I don’t read a lot of non-fiction, but one of my book clubs chose this title. I do my best to avoid books where bad things to happen to children and animals, because even the fictitious suffering makes me physically ill and stays with me forever (I’m talking to you, Stephen King, about the kid in “It” who put the puppy in the refrigerator – that scene’s been sitting in my gut like solidified Crisco for 15 years). So yes, there are hardships in Ryan’s story, but no, I’m not going to dwell on them when the author fought to focus her book on the triumphs of her family, not the tragedies.
My favorite part of this book was when matriarch Evelyn Ryan, mother of 10 – really 11, if you count the alcoholic husband she also has to take care of – won a grocery store shopping spree with one of the 25-word, professional-grade contest entries she used to keep her family afloat. Evelyn’s approach to spree-day reflects her attitude toward life:
“Think big,” she says, telling the kids they’re not going to waste cart space on necessities like fish sticks. “I want you kids to taste chateaubriand, New York steak, lobster, and anything else you’re never tried before. Heck, I want to try them, too.”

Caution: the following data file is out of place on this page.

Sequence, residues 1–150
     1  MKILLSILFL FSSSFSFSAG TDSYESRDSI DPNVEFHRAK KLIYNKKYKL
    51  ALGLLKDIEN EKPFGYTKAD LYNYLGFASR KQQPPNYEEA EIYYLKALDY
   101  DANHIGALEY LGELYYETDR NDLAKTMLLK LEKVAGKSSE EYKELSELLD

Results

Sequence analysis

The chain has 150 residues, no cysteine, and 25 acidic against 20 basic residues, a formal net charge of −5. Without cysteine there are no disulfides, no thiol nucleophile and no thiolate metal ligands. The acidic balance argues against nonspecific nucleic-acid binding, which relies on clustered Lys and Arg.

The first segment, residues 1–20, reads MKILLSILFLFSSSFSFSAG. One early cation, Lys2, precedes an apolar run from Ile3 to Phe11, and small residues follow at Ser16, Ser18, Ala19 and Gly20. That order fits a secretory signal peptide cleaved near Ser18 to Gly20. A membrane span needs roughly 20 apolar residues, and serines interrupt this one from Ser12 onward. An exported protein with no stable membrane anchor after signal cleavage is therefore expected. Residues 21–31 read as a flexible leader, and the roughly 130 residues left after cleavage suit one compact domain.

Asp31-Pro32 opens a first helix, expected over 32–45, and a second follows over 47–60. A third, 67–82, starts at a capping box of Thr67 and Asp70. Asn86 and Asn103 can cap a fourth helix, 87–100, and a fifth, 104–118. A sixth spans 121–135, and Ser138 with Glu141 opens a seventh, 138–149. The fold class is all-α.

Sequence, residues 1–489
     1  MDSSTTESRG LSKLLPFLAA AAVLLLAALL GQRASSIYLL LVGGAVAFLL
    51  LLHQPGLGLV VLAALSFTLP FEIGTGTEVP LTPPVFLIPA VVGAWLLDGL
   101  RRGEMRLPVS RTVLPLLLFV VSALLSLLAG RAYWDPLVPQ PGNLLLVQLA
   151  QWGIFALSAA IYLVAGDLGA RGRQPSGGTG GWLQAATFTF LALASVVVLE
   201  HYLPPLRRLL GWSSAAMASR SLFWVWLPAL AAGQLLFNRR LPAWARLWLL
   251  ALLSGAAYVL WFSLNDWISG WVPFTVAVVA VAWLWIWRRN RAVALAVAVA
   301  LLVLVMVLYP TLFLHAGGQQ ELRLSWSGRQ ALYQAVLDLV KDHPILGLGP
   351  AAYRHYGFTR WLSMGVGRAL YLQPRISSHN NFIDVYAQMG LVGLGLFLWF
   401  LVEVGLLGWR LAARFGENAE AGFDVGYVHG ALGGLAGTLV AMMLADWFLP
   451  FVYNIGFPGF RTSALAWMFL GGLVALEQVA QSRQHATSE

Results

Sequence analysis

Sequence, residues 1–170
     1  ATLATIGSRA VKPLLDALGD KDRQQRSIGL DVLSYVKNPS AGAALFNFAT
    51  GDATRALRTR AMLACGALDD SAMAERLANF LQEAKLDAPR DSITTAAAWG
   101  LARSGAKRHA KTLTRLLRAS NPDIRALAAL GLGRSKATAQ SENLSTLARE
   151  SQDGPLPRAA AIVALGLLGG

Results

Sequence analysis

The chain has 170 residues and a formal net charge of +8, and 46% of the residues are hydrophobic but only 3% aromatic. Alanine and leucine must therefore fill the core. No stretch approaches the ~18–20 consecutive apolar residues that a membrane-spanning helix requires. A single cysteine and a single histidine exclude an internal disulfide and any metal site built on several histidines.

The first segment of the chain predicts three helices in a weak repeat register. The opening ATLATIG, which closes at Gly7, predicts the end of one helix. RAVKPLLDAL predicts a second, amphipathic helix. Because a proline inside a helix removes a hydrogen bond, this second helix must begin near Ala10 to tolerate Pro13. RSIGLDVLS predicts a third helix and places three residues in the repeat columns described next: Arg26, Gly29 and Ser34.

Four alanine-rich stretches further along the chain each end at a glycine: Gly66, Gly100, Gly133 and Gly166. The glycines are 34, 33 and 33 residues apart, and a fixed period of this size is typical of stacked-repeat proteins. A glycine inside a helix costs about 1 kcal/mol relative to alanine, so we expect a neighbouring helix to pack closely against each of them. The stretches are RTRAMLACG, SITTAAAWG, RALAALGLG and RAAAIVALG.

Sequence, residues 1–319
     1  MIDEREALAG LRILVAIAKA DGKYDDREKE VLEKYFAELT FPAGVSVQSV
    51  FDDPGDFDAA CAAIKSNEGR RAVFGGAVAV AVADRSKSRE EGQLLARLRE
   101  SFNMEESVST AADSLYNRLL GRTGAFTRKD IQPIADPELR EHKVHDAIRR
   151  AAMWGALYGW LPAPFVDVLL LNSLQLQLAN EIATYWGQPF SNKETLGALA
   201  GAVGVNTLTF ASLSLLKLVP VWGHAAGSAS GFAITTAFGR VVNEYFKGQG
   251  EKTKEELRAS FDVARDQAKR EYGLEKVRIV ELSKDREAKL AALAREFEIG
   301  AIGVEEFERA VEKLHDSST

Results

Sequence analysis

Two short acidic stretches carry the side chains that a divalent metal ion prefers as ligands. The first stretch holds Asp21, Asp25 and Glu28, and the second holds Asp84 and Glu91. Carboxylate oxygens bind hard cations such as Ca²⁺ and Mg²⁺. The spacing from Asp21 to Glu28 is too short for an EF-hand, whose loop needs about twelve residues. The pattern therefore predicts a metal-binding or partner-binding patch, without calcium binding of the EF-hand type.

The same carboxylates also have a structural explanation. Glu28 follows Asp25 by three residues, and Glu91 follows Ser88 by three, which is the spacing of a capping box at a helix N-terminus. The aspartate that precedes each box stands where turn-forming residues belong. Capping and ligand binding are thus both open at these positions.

And then I was floored by butcher Bob, with his “knife-scarred hands” and heart of gold, who cut flat slabs of beef and extra-long sides of bacon ahead of time for Evelyn to use to line the sides of her cart and double its capacity. I cheered for Evelyn’s winning outlook and her $411.44 haul of everything from filet mignon to caviar to frozen bonbons, but even more for Bob’s caring ingenuity. When people like Bob recognize how people like Evelyn are doing everything they can to take of their kids, then offer them a hand up just when it’s needed, it feeds the soul of all of humanity.